|Culture of Meghalaya
Meghalaya’s main ethnic communities, each having its own distinctive customs and cultural traditions are theKhasis (of Mon-Khmer ancestry), the Garos (of Tibeto-Burman origin) and the Jaintias said to be from South East Asia. The common trait binding all three communities is its matrilineal system in which the family linage is taken from the mother’s side. The people of Meghalaya are known to be hospitable, cheerful and friendly.
The Garos believe in one supreme Creator, Rabuga, who is the sustainer and commander of the world. The other spirits are the representatives of the supreme Creator. The spirits connected to the Garo’s agricultural life, are appeased by sacrifices but never worshipped. The headman is an integral part of the village and acts as religious head. The Jaintias and Khasis have the same religion, although the Jaintias are more influenced by Hinduism. They have a superstition that the Jam, like the Khasi Thlen, is an evil spirit bringing riches to its owner and disease or death to its enemies or victims.
The principal languages in Meghalaya are Khasi and Garo with English as the official language of the State.
Khasi is one of the chief languages of Meghalaya. Khasi, which is also spelled Khasia, Khassee, Cossyah and Kyi, is a branch of the Mon-Khmer family of the Austroasiatic stock; and is spoken by about 900,000 people residing in Meghalaya. Garo language has a close affinity with the koch and Bodo language. Garo, spoken by the majority of the population, is spoken in many dialects such as Abeng or Ambeng, Atong, Akawe (or Awe), Matchi Dual, Chibok, Chisak Megam or Lyngngam, Ruga, Gara-Ganching and Matabeng.
Fairs and Festivals
The Khasis, Jaintias and Garos of Meghalaya celebrate several festivals which are directly and indirectly connected with religion. They are full of joy and happiness which is expressed outwardly in the form of dance, feast and worship.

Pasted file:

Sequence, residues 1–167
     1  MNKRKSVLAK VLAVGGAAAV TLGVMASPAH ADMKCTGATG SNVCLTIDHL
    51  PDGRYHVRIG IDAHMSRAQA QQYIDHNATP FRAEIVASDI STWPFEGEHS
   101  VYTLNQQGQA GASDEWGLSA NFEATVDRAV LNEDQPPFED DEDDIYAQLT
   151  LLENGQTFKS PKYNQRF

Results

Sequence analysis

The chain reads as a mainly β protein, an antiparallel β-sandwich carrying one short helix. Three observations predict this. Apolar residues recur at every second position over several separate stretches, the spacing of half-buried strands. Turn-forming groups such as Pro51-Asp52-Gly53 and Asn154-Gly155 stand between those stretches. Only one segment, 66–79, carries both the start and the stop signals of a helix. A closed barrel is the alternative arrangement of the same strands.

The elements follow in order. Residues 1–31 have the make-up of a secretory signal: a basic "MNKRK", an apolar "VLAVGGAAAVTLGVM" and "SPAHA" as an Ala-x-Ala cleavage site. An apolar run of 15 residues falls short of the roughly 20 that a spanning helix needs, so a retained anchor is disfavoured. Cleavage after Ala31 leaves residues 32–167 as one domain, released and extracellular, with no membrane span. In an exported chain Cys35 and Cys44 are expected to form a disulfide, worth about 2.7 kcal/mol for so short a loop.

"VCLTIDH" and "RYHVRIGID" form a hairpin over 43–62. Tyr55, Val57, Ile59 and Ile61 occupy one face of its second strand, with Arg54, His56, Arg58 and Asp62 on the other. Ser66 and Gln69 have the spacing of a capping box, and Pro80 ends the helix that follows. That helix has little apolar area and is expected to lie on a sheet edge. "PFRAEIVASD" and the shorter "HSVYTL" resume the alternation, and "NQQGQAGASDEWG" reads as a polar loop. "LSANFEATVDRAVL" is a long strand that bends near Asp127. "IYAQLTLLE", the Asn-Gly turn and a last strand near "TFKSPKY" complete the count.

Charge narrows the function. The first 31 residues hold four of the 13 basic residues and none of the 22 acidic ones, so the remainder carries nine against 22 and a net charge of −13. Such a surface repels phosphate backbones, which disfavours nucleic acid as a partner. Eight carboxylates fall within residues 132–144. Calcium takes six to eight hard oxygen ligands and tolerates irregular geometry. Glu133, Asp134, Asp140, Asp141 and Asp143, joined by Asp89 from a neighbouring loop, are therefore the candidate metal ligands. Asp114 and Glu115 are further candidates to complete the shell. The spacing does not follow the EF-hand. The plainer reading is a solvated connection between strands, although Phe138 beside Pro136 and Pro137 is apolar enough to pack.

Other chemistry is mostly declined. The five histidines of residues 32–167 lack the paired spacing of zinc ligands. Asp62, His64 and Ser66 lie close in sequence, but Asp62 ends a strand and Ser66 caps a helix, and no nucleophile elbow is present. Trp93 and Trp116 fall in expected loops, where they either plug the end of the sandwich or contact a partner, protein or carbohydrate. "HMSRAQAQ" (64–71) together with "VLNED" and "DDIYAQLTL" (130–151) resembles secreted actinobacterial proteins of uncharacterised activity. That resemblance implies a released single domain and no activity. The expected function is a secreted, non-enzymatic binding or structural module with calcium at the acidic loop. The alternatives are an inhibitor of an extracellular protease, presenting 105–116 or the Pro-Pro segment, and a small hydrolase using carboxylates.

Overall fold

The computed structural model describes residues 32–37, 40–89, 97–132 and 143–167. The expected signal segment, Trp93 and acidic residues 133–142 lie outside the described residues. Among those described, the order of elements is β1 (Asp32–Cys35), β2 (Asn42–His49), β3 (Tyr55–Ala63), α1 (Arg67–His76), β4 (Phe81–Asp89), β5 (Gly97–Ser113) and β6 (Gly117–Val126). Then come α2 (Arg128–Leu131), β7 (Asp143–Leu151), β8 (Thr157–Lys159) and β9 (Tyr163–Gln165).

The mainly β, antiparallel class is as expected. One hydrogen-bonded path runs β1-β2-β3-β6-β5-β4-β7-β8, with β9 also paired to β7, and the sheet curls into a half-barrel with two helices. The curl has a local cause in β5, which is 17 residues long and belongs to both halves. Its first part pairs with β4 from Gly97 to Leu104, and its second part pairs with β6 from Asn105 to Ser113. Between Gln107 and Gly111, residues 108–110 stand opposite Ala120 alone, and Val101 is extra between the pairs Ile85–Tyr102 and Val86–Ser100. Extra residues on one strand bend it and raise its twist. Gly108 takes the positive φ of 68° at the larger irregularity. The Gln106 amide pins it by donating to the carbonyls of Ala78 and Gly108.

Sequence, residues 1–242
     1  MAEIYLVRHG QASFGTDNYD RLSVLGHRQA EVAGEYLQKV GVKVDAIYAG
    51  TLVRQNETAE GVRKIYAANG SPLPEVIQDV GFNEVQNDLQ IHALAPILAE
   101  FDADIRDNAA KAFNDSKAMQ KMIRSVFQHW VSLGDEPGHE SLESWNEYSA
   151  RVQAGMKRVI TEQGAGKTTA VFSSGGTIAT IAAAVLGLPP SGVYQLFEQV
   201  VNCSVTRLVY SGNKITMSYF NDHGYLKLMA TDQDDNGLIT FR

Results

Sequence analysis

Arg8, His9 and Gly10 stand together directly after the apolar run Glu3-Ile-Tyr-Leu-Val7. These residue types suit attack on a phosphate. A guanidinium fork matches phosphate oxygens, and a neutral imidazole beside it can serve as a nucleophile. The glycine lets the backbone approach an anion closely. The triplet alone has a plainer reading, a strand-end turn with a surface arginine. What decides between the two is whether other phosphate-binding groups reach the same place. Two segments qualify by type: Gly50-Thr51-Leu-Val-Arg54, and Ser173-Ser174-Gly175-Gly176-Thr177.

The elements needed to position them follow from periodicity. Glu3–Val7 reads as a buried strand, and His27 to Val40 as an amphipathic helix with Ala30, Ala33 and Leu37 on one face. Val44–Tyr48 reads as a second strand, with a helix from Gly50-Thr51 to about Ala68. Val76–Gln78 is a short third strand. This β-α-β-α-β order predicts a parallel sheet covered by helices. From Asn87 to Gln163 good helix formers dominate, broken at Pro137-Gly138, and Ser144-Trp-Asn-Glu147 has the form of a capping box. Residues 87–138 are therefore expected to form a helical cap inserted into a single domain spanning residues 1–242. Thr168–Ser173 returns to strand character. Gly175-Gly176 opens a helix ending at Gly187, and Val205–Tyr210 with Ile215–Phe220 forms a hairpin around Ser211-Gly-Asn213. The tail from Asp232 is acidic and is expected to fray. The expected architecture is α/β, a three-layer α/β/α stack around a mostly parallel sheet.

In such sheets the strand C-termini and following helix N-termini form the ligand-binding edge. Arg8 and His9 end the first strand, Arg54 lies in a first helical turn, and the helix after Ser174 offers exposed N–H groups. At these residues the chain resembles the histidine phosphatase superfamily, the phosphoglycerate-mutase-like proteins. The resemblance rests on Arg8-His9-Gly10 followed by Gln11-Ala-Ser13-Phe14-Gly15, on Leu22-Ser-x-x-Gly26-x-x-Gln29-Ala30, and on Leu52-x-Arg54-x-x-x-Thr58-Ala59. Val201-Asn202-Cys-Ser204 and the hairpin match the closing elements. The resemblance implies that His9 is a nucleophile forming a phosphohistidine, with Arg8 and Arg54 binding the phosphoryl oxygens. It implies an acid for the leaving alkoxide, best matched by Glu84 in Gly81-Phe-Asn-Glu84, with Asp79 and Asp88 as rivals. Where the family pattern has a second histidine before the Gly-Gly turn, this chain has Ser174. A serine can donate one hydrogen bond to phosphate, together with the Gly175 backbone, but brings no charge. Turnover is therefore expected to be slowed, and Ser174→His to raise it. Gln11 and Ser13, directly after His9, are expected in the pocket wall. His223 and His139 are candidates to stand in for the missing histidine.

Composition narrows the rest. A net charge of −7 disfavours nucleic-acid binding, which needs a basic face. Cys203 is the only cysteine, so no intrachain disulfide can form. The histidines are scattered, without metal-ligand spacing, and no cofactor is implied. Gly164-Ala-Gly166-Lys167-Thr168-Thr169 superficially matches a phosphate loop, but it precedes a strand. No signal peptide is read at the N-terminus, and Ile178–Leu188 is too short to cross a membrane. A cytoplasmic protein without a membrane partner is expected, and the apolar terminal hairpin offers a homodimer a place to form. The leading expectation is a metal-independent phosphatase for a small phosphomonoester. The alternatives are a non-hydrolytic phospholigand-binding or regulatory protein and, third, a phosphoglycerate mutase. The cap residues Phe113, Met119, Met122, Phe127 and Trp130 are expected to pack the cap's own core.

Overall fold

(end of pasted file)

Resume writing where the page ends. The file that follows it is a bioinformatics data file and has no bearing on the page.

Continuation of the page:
Shad Suk Mynsiem Dance: In every religious ritual of Khasi tribe, the grand finale is the performance of a dance, a Thanks Giving Dance called ‘Shad Phur’, which is now called “Shad Suk Mynsiem.” The religious rituals or ceremonies might concern certain families, clans, villages, raijs, or the state (Hima).
Nongkrem Dance: It is one of the most important festivals of the Khasi tribe and is celebrated with pomp and gaiety and It is held every year at Smit which is 15 Kilometers from Shillong.
Behdeinkhlam Festival: One of Meghalaya’s most colourful religious festivals, Behdeinkhlam, is celebrated for three days during July at Jowai. The word literally means ‘driving away of evil (plague) by wooden sticks’. This Festival is connected with a series of religious rites. People dance on the street to the accompaniment of drum beating and pipe playing. The women do not participate in the dancing but have an important role to play at home by offering sacrificial food to the spirits of the ancestors. Each locality prepares a decorative tower-like structure called a rath. These are carried by 30 to 40 strong people to a small lake at Aitnar for immersion. The festival climaxes when the khnong (the most sacred tree) is brought to the centre of each locality. In the afternoon datlawakor is played between two teams from the upper and lower valleys of the Myntdu River. It is a kind of soccer with a wooden ball. Those who win are believed to be blessed with a good harvest.
Laho Dance: The Jaintia People have another dance festival for entertainment. It is called the Laho dance. Members of both the sexes participate in this dance festival, attired in their best finery, usually two young men on either side of a girl, linking arms together, dance in step. In place of the usual drums and pipe, there is a cheer leader, usually a man gifted with the talent of spontaneous recitation. He recites ribald couplets to the merriment of the audience.
Chad Sukra: The annual Chad Sukra (sowing festival) is celebrated during the middle of April or early May every year by the Pnar people. Pnar people believe that a farmer could start sowing the seeds on his land only after the festival is over. The festival is observe to invoke God, the Creator, to protect their crops from all forms of natural calamities besides ushering in peace and harmony among the people.
Ranikor Festival: The Mawkyrwat Sub Divisional Officers Welfare Association, (MSDOWA) Mawkyrwat organized the first Beach Festival at Ranikor on the 23 and 24 February 2007. The various activities organized on the two days of the festival were:
- Display of the rich cultural diversity of Ranikor by various groups, like Khasis, Garos, Hajong, Assameese etc., through dance and music.
- Beach soccer and beach volleyball
- Boat ride to the Jadukata Bridge
- Trekking to the International Border with the assistance of BSF
- Boat riding
- Archery competition with participants from all across Khasi Hills
- Kite flying
- Performance by live band
- Disco on the Beach with DJ
- Ethnic cuisine
Source: Megalaya tourism